In November during a Nairobi, Kenya slum visit, Pope Francis used plain language to express home truths about African elites. According to UK media the Pope ascribed the “injustices” suffered by the slum residents to “wounds inflicted by minorities who cling to power and wealth, who selfishly squander while a growing majority is forced to flee to abandoned, filthy, and rundown peripheries.”
He also talked about the unjust distribution of land, a particularly sensitive issue among Kenya’s poor, where the perception is that the elites have helped themselves to the most productive land. The elites, he said, have established “new forms of colonialism.” He urged them to be more responsive to the peoples they rule.
Indeed, the indigenous “colonialism” described by the Pope is to be found throughout Africa, not least in Kenya and Uganda, two of the three countries he visited. President Yoweri Museveni of Uganda has ruled for 24 years and estimates of his net worth range from $1.1 to $11 billion. (According to the UN Development Program gross national income in Uganda is $1,335 a year). Uhuru Kenyatta, has been president of Kenya for less than two years. However, he is the son of Jomo Kenyatta, who ruled Kenya from 1964 to 1978. The son’s estimated net worth is $500 million. (Gross national income in Kenya is $2,158 a year). Gross inequality of income, with links between power and money, is to be found elsewhere: by comparison, Donald Trump’s estimated net worth is $4.5 billion according to Forbes. But, the direct relationship between the poverty of most and wealth of the few is particularly stark in Africa.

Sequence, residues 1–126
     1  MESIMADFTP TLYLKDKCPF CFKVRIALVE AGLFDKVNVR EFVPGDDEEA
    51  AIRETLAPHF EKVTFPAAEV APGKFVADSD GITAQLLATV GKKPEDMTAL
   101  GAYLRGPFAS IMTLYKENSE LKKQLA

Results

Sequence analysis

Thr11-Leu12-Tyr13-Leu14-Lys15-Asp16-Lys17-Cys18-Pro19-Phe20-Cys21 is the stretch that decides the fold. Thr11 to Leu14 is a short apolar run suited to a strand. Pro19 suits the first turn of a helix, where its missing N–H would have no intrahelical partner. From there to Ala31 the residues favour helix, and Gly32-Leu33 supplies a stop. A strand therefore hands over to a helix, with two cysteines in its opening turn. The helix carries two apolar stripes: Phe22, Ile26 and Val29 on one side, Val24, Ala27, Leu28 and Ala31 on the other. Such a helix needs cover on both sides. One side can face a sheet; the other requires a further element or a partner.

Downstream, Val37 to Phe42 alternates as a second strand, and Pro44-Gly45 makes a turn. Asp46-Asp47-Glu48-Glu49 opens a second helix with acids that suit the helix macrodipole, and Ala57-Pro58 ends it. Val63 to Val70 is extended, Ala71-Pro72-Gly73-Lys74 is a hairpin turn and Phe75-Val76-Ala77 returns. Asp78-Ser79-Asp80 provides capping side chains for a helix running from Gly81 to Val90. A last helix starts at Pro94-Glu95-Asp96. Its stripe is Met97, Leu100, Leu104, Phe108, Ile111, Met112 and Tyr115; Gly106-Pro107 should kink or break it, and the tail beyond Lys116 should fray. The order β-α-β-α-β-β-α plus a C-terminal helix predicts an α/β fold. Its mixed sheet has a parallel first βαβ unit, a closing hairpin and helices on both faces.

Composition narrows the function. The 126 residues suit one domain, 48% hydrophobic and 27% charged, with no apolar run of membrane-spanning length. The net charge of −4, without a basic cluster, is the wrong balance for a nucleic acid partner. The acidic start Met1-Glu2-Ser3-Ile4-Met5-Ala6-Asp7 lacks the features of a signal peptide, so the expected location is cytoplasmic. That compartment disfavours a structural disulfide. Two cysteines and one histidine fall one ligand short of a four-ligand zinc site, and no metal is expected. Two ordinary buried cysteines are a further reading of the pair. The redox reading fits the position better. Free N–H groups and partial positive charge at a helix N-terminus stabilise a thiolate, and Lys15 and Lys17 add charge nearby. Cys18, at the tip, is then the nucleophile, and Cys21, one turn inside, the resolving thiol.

The celebrated Nigerian author, Chinua Achebe, wrote that there is nothing wrong with the Nigerian character. Instead, he wrote, “The Nigerian problem is the unwillingness or inability of its leaders to rise to the responsibility, the challenge of the personal example, which are the hallmarks of true leadership.” In Nairobi, the Pope was describing something of the same reality.